Why Microsoft’s “Scroogled” Campaign Is Childish

You’ve probably seen the ads by now. They’ve been going for months now. From T-Shirts to the Pawn Stars, Microsoft is trying their hardest to change how people think about Google. Microsoft is starting an all out war with Google, but they are the only ones firing. Why? Because Google doesn’t need too. Actions speak louder than words.

As far back as I can remember, the Scroogled campaign started with Bing vs. Google Search. Microsoft “took people to the streets” in blind tests trying to show that Bing was better. This is completely false. While the more picture driven and admittedly better designed pages of Bing, it was actually later proven that Bing brings many of it results from Google’s Search engine. Don’t judge a book by its cover. Bing might be better presented for those who love pictures, but that shouldn’t matter. After all, you did go there to simply find an answer.

After failing to drive people away from Google, Microsoft next tried to kill a product that was just starting, Google Drive. By stating how Office was vastly superior to Drive, Microsoft was simply lying. While Office is great and very user friendly, Drive has nearly the same capabilities and many that Microsoft can only look at and drool. With easy sharing, free cloud storage, real time editing, and restricted users, Drive sounds pretty good to me.

Seemingly out of no where, Microsoft also released T-shirts, mugs, and other novelties trashing Google. Why they did this I still don’t understand, but it seems quite pointless. I also don’t know how legal it is since they blatantly use Google’s Chrome logo clearly. I do however think that Google had the best possible response to it. When asked about the shirts, Google said that they “are very interested in Microsoft’s latest venture. The wearables market is becoming very competitive”. 

If Microsoft would have left it there they most likely would have not done any harm to Google or themselves. They may have even drawn a few more people from Google’s services. But instead they decided to continue, and at the same time become very childish. They began bashing Google’s Chromebooks. If you are unfamiliar with what a Chromebook is, you might want to do a little research on them before you listen to what Microsoft says. A Chromebook is a laptop that runs Chrome OS. Chrome OS is a light weight operating system which runs most programs and applications in the Chrome browser. That’s not all a Chromebook is, but it’s a good quick definition.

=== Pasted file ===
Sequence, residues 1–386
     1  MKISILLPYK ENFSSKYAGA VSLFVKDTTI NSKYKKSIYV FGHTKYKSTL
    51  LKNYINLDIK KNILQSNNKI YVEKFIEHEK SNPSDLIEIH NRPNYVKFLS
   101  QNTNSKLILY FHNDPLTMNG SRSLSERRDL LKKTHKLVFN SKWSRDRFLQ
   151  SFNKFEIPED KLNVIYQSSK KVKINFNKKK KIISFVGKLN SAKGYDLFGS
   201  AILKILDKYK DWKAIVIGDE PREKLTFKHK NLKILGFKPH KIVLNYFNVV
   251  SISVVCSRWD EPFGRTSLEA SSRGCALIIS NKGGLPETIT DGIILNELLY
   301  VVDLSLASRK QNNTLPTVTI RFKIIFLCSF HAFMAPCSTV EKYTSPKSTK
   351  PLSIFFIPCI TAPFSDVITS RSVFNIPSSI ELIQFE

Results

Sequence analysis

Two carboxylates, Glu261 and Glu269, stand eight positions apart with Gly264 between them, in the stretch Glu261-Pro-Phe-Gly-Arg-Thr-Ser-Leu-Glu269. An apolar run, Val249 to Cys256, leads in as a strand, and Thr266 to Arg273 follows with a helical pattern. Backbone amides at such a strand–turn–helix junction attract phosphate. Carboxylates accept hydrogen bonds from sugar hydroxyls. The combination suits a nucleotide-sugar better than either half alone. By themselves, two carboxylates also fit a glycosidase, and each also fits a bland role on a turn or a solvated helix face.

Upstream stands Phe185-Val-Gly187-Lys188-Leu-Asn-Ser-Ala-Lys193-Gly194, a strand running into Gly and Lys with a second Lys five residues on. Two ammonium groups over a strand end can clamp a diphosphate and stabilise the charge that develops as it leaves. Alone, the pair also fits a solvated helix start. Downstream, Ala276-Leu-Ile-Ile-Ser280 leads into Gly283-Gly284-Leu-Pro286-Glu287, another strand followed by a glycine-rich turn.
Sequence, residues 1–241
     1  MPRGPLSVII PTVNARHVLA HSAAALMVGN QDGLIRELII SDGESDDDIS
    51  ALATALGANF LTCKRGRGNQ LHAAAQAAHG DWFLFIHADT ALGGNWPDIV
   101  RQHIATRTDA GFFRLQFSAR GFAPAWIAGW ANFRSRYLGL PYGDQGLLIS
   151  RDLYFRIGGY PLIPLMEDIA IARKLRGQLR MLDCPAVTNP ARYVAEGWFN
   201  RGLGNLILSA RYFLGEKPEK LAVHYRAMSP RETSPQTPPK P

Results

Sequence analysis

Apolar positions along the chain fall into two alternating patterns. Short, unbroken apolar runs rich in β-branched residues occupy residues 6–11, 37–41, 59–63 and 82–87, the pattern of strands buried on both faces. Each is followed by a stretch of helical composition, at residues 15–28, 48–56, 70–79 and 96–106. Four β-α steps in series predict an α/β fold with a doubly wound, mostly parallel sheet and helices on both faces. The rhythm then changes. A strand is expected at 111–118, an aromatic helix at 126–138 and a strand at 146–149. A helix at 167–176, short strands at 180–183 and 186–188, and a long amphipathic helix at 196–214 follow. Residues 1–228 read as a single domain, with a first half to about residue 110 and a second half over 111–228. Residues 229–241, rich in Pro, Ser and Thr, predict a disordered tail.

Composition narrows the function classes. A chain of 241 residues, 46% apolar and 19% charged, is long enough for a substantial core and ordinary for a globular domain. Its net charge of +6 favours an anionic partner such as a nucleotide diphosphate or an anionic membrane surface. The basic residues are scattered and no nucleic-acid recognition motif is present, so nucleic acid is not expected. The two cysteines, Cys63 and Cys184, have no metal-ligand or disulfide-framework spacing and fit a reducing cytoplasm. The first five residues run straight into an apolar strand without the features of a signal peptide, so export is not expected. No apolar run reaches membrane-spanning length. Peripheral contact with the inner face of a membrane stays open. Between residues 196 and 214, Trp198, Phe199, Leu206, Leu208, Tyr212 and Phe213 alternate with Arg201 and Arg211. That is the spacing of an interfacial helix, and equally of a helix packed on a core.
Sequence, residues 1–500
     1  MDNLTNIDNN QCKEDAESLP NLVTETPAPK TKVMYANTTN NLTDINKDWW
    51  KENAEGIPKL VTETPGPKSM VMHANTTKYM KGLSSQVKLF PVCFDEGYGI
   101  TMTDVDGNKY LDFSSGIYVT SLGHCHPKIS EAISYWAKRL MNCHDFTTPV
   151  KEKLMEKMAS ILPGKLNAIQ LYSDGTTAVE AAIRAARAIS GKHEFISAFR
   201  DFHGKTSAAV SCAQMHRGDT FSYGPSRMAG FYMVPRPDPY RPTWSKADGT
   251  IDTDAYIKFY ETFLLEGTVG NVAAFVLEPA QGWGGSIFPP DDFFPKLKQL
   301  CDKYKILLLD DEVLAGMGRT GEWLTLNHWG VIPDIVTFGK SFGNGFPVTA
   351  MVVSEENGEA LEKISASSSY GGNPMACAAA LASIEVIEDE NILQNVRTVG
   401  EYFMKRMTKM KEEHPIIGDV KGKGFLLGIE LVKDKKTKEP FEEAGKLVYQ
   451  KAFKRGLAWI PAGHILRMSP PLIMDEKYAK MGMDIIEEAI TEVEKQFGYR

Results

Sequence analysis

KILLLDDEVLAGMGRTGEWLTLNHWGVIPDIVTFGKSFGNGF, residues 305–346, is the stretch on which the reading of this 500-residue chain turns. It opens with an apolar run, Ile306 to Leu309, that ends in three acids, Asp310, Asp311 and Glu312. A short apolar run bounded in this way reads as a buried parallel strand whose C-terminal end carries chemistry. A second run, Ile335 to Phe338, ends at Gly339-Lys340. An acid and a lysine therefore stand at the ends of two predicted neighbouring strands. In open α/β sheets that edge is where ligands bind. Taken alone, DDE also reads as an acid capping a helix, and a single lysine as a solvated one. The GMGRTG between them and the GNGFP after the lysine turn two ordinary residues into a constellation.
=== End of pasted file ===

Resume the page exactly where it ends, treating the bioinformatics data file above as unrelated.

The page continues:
Acer C720 Chromebook

Acer C720 Chromebook

Microsoft has now started a pointless war on Chromebooks which says that they “aren’t real laptops” and are worthless without the internet. First of all, the true definition of the word laptop and Microsoft’s definition are appreantly very different. The dictionary definition of the word laptop is a “computer that is portable and suitable use while traveling”. No where in that definition does it mention that it has to run Windows or use Office. While yes, the Chromebook ecosystem is still much more limited than the Windows ecosystem, we have to remember that it is still new.

Chromebooks also aren’t designed to run Office or PhotoShop. Google doesn’t even market them that way. Google knows that a Chromebook could never fully replace your standard Windows or Mac computer, so they market it as a second or third computer. Since most people buy computers simply to browse the web, Chromebooks fill the gap between functionality and price. A decent Windows laptop could cost you hundreds of dollars, but almost every Chromebook on the market brings a great experience for a fraction of the cost.

Samsung Chromebook

Samsung Chromebook

Microsoft’s campaign also seems to be hurting them more than helping. Chromebooks have seen a massive increase in sales over the past few weeks. Part of this might actually be because Microsoft is making more people hear about them. For instance, I have friends and relatives who never knew what a Chromebook was, until they saw Microsoft’s commercial about them. They didn’t pull the bad things about Chromebooks out of the ad, but instead they simply learned something new. This has probably also happened to other people who in turn have most likely researched more about Chromebooks. Seeing $199 for a laptop with good reviews doesn’t exactly deter many parents.

What do you think of Microsoft’s campaign? Have you ever found it to be true or just a risky attempt to keep fleeing customers? Let me know in the comments!

Share This